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Because it’s strange and beautiful and hot, people from everywhere converge on Florida and they bring their cuisine and their traditions with them. The Zest celebrates the intersection of food and communities in the Sunshine State.

How to start a community garden: Lessons from University area CDC's Harvest Hope Community Garden

Three people gathered around a picnic table

Sarah Combs and Derek Laracuente share how the garden has transformed the neighborhood and offer advice for starting a community garden in your area.

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Just north of the University of South Florida’s Tampa campus is an urban oasis: Harvest Hope Park. The 7-acre park is a sanctuary for residents, with a playground, sports fields, fitness stations, walking trail, tilapia fishing pond and more. It all started eight years ago with the park’s first feature: Harvest Hope Community Garden.

“It was a 7-acre plot of land that had really no positive activity happening on it, and we determined that we wanted to plant a community garden of all things,” says Sarah Combs, executive director/CEO of the University Area Community Development Corporation. “And surprisingly, we got a lot of pushback from outside parties, because they thought there [were] a lot better things to do with this land than to plant a community garden.”

Sarah’s team surveyed community members, and the consensus was that residents wanted a safe place where kids could play and residents could socialize. So for Sarah—a farmer’s daughter from Colorado—a community garden was the perfect starting point.

Today, the organic garden teems with fruits, vegetables and flowers that are free for residents to take home. There’s also a teaching kitchen where community members learn to cook up the garden bounty.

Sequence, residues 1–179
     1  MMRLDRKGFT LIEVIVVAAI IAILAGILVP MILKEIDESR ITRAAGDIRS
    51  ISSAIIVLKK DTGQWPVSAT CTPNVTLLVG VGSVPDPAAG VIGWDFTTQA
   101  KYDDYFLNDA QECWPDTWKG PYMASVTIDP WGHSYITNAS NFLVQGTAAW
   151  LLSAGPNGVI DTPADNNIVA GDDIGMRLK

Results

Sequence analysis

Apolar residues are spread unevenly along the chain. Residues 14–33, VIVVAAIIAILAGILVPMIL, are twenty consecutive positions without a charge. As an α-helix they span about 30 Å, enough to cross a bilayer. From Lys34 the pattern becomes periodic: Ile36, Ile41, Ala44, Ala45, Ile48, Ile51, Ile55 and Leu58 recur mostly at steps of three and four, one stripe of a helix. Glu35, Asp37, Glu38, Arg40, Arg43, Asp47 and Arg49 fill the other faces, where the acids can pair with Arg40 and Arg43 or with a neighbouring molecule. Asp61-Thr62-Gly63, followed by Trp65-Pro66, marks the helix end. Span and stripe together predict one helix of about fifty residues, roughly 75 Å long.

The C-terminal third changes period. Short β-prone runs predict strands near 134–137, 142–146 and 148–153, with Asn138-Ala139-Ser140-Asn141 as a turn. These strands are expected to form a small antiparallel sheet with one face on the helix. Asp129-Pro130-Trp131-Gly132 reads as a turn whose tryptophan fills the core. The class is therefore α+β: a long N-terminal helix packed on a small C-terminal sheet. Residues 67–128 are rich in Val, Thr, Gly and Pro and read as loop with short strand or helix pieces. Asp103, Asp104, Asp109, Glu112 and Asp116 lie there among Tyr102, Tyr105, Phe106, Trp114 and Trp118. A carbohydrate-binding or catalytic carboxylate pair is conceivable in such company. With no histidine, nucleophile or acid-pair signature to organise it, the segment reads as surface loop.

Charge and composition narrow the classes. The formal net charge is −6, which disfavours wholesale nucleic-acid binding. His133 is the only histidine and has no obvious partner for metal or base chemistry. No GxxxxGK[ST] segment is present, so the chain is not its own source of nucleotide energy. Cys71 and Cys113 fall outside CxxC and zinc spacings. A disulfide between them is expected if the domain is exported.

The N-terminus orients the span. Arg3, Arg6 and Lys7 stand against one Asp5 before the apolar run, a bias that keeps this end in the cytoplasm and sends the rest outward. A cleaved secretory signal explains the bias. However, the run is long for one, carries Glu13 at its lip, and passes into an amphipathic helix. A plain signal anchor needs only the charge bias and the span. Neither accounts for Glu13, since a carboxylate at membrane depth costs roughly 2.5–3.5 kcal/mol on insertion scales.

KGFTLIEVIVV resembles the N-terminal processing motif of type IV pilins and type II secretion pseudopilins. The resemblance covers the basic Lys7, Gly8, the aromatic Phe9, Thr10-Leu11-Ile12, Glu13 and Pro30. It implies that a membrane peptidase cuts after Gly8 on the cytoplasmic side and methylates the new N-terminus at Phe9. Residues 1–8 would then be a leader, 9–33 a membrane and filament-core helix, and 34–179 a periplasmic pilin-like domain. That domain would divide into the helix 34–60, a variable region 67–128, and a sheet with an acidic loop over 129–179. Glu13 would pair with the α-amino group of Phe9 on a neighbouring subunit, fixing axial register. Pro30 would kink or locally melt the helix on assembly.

Still, there were challenges along the way. At first, residents didn’t understand that the food was free. Some even broke through the garden fence to steal food, not understanding that the only form of “payment” required was to engage with the garden organizers.

“Residents didn’t understand what was happening,” Sarah recalls. “They didn’t understand that this was for them, so it took about a year to get them truly engaged.”

One of the most engaged residents is Derek Laracuente, a local resident who volunteers in the garden every Friday.

“This definitely improved the whole mentality of the ecosystem,” says Derek, who has been inspired to lean into a more plant-based diet.

The garden reflects the residents who care for it. In addition to strawberries, mangoes and cucumbers, you’ll find Jamaican sorrel, Korean melons and other plants that reflect the community members who tend to the garden.

Says Derek, “It’s a very diverse community, and you can even just see it in the garden.”

Tips for Starting a Community Garden:

  • Start small. Begin with one or two garden beds, which will give you something to show potential funders. “They want to support something that they can see,” Sarah says. “Don’t overthink it.” When Harvest Hope Community Garden was in its early stages, Sarah invited John D. Couris, president and CEO of Tampa General Hospital, to see it. TGH signed on to sponsor the garden for 10 years.
  • Seek expert advice. Sarah grew up as a farmer’s daughter in Colorado, but the Florida climate is different. When starting the garden, the first person Sarah called was David Whitwam of Whitwam Organics, which specializes in Florida gardening.
  • Learn from other communities. Visit other community gardens to learn best practices.
  • Recruit volunteers. Gardens require a lot of work. Find a core group of volunteers who will commit to helping at specific times. “You can’t do this work alone,” Sarah says.
  • Strive for a community feel. Harvest Hope Community Garden has no individual plots, because they want the garden to belong to everyone. It’s important to engage residents, so they know the garden is for them, rather than something that’s being done to them.
  • Keep it sustainable. With funders and community volunteers in place, the garden’s future won’t depend on any one person.

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